NCAA tournament 2012: John Feinstein analyzes the Midwest Region
By John Feinstein,
The number one seed in this region should be Kansas, if only because the Jayhawks didn’t lose twice to Florida State (a team that did lose to Harvard and Princeton). Still, if this were a beauty contest, North Carolina would win long before the swimsuit competition. At their best, the Tar Heels are spectacular to see.
Forget the vaunted trio up front of Tyler Zeller, John Henson and Harrison Barnes. Okay, don’t forget them. But start the conversation with Kendall Marshall, who is the best point guard in the country — period. When someone asked Coach Roy Williams last week who the one player he couldn’t afford to lose was, he said, “Oh, without any doubt it’s Kendall.”
Looking at the draw here, it seems impossible to believe that Carolina and Kansas won’t meet in the final.
Georgetown was very fortunate to be given a No. 3 seed after finishing tied for fourth in its own league and losing in the quarterfinals of the conference tournament. Even so, the committee didn’t do the Hoyas any favors with an opening game against Belmont, a senior-laden team that has been very close to pulling first round upsets in the past.
Georgetown hasn’t won an NCAA tournament game since beating UMBC in the first round in 2008 and has been embarrassed in its first game the last two years. That should give the Hoyas incentive enough to be ready for Belmont and allow them to move on to a second-round game against San Diego State or North Carolina State. SDSU reached the round of 16 a year ago; the Wolfpack is in the tournament for the first time in six years. N.C. State plays well against any team not named North Carolina. They could easily beat San Diego State but will find a way to lose to Georgetown.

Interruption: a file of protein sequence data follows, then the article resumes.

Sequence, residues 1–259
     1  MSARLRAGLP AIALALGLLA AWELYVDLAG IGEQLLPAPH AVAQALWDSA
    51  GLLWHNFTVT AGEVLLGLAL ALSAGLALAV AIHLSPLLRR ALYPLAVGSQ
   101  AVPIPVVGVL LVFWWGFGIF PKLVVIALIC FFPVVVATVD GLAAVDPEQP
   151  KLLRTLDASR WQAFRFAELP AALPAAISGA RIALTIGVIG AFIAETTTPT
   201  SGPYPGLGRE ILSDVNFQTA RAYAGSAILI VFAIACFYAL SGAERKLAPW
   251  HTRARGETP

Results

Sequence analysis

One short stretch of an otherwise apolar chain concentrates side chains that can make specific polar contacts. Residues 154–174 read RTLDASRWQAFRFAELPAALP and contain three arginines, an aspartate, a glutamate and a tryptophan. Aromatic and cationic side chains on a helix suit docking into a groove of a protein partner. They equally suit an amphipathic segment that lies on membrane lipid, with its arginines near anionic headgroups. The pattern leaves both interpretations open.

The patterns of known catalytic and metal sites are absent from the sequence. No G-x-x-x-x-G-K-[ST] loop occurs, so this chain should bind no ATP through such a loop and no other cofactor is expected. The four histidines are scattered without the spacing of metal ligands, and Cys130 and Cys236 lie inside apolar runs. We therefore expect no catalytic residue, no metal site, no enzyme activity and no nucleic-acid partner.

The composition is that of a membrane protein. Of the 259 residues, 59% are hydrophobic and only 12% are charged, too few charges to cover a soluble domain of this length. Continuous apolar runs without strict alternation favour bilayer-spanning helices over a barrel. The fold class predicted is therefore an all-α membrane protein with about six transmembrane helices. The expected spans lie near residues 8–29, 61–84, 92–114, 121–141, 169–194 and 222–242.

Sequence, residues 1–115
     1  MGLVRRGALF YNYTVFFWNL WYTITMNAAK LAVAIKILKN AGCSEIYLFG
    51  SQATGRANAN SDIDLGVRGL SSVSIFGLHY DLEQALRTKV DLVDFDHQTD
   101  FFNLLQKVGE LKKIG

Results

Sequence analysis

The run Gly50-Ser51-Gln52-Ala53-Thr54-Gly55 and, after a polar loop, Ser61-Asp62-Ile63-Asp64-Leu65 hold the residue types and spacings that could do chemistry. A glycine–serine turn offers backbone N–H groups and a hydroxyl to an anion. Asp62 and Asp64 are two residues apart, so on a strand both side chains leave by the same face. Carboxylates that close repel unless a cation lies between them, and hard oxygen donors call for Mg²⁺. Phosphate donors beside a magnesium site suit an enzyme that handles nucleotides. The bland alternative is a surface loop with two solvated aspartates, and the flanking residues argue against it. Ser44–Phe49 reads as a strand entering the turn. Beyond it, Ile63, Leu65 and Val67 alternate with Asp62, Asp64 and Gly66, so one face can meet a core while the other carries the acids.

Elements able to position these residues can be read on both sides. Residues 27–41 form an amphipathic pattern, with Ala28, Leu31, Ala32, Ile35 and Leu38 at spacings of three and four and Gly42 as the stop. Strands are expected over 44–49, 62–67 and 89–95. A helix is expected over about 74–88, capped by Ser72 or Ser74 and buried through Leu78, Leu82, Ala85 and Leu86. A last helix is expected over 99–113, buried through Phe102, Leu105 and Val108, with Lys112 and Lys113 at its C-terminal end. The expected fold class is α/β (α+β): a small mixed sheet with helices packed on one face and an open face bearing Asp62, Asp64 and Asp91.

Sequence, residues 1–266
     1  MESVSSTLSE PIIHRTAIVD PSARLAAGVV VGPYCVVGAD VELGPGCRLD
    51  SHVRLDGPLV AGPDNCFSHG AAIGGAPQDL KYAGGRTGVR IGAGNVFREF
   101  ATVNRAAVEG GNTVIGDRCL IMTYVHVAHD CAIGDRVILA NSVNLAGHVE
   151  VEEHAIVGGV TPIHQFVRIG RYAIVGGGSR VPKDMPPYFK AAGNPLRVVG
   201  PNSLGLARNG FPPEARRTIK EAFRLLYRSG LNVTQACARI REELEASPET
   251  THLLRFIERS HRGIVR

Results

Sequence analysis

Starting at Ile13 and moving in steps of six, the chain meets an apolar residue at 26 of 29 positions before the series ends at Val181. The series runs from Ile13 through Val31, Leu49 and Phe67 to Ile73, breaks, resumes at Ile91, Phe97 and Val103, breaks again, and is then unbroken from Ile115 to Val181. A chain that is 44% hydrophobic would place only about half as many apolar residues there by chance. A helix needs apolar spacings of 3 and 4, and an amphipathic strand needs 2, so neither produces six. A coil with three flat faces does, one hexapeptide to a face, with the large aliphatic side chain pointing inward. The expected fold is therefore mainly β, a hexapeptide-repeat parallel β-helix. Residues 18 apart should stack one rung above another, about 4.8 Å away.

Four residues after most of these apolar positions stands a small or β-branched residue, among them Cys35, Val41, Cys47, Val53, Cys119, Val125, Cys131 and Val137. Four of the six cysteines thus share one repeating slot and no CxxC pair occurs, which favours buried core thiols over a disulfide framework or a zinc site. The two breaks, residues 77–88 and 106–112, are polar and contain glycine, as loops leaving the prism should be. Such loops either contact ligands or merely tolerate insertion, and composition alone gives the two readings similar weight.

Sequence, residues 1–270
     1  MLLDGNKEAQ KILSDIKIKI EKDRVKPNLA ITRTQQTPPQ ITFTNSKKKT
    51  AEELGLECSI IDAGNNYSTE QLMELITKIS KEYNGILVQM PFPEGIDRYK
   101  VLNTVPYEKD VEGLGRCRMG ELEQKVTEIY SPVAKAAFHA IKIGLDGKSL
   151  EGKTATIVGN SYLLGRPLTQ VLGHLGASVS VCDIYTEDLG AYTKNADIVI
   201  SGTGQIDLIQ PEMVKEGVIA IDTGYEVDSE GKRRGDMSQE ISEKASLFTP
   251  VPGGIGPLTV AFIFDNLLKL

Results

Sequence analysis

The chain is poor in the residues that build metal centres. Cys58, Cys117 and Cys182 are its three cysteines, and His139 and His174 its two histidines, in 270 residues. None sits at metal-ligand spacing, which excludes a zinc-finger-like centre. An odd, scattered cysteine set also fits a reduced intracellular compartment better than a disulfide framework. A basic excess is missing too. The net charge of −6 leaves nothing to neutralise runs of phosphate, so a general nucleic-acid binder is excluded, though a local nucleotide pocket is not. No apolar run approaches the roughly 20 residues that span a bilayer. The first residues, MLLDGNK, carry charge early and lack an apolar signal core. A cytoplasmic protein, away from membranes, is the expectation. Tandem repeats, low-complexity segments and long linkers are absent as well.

If the Hoyas make it to St. Louis, they are almost certain to play Kansas. The Jayhawks aren’t losing to Detroit, one of two teams (Creighton is the other) with a father-son coach/star tandem (Ray McCallum/Ray McCallum Jr.). And they aren’t losing to the St. Mary’s-Purdue winner either. (Go with the Big Ten in toss-ups this year.)
And they probably aren’t losing to Georgetown unless the Hoyas make a lot of threes, which they can do at times. Thomas Robinson is the second-best player in the country behind Kentucky’s Anthony Davis and, their loss to Baylor in the Big 12 tournament notwithstanding, the Jayhawks have probably improved more start-to-finish than any team in the country. This Kansas team is a lot better than the one Georgetown lost to in Hawaii in November.
North Carolina should be waiting for the Jayhawks n the final. Should be. If the Tar Heels had to play the Creighton-Alabama winner someplace other than Greensboro, they could have trouble with Creighton. Doug McDermott is the real deal, but the Tar Heels have too many “long” (the new word for “tall”) weapons, not to mention Marshall and enough depth to field a second team that could win the Pacific-12. That should get them to a round of 16 matchup with Michigan.
Temple is a very good team (ask Duke) and ought to beat the Cal-South Florida winner to get to a game against Michigan, which just happened to draw a team from Ohio in their opener — but it’s the Bobcats, not the Buckeyes.
Michigan should make enough threes to win that game, and that’s how it could beat Carolina, because the Tar Heels aren’t great at guarding the perimeter. Then again, they might get 50 offensive rebounds in the game, and that should be enough.
Carolina-Kansas? The only thing that is pretty much guaranteed is that Ol’ Roy sheds a tear regardless of who advances to New Orleans. No doubt he still has his Jayhawk sticker handy if he needs it.
More NCAA tournament coverage: South Region analysis West Region analysis East Region analysis Make your picks in the Bracket Challenge game Need help with your picks? Try The Post’s tournament database. Driven crazy by March Madness, this year I’m sitting it out Kentucky is tops, but far from unbeatable Because of NCAA tournament expansion, mediocre teams will be rewarded